Thirty years ago boys did better at school than girls. Now, it’s the boys who have fallen behind both in the North of England and elsewhere in the UK. Last year in Newcastle almost half of white young men failed to achieve 5 or more ‘good’ GCSEs passes (including English and maths) compared to 40% of young women. The number of BAME youngsters from both genders gaining five or more GCSEs at grades A*-C (58%) is higher than those who are non-BAME. Only four out ten men go to university. In 1976 it was seven in ten!

More disturbing is that male truancy rates in the region are well above the national average. And the region’s capital city, Newcastle, has the highest rate of permanent absences in the North. The inspection body, Ofsted, notes that it is the white working class in our core cities, urban towns and coastal communities who are the cause for concern amongst the Educational establishment. If so, this has profound implications for their employment and life-chances. Is this a moral panic, as suggested by some feminist writers, or a notable example of moral realism?

Although socio-cultural handicaps inbuilt into the child’s home background is a plausible explanation for working-class under-attainment, it doesn’t tell us why girls are exceeding boys in the exam stakes. Educationalists are divided as to the reason why white working class boys are doing less well at every stage in the school system, whist girls are doing better than ever before. One, there’s some evidence that teachers are not as strict with boys. They are more likely to extend deadlines for written work, to have lower expectations of boys, and tend to be tolerant of low level anti-social behaviour in the classroom. Young men are more disruptive than young women. Four out of five permanent exclusions are boys!

Two, there appears to be a growing reactive ‘lad’, anti-school sub-culture amongst some working class boys. This was first noted by the sociologist, Paul Willis, in his book, ‘Learning to Labour’, in the eighties. By 1998 this was re-discovered by former Labour Tyneside MP, Steve Byers, the schools minister, who said: ”We must challenge the laddish, anti-learning culture which has been allowed to develop and should not simply be accepted with a shrug of the shoulders that boys will be boys.” A decade later, Professor Becky Francis, a Labour Party advisor, reaffirmed this perspective that boys achieved more peer group ‘macho’ status by resisting being taught, rejecting the values of hard work, conformity and achievement, through bad behaviour like messing about in class.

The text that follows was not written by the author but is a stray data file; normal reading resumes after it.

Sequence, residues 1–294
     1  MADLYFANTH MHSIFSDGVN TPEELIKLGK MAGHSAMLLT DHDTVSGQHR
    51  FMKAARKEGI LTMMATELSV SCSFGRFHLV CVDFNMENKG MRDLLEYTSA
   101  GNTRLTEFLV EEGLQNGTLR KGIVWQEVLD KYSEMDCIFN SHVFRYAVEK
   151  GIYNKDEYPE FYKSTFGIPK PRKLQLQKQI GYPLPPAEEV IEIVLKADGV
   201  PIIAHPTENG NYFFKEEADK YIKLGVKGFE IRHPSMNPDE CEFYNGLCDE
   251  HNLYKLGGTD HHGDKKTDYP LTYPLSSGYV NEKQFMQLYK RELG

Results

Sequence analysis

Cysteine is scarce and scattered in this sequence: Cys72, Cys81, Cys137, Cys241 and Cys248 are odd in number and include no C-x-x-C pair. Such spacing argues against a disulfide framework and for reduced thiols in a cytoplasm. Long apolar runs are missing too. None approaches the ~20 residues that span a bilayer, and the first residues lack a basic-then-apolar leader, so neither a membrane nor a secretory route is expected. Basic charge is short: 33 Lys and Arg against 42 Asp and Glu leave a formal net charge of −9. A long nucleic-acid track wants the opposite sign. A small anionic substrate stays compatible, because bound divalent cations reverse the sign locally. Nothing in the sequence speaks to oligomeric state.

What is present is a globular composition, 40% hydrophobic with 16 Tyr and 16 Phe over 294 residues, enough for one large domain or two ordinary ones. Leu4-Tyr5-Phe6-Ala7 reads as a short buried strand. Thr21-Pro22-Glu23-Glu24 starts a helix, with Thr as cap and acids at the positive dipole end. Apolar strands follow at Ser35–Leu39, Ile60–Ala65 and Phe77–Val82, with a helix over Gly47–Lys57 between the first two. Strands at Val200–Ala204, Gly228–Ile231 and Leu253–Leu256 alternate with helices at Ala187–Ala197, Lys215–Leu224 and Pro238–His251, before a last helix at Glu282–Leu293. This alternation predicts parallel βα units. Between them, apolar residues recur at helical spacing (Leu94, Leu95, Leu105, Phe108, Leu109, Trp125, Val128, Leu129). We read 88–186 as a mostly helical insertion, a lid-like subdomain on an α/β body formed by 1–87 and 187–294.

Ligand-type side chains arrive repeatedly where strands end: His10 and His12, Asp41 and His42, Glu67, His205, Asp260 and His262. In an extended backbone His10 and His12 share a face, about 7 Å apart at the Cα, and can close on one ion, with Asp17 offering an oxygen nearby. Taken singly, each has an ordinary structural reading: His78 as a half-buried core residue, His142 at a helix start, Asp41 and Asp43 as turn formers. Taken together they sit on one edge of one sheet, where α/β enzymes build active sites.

Increasingly primary school teaching has become ‘feminised’ with a lack of positive male role models. Even at secondary level three-quarters of all teachers are female. Learning for many kids at an early age has become a ‘girly’ activity. This contributes to a negative attitude to the value of schooling and acquiring qualifications. For the sociologist Ken Brown, a senior Labour councillor in Warwickshire, one chief explanation is the sharp demise of traditional male jobs. The region’s coal mines have shut down. Heavy industries like shipbuilding on Tyne and Wear which took on thousands of unqualified young men in the seventies have almost vanished. Given these huge economic changes in the labour market some young men have given up, become NEETs while lacking motivation or aspiration.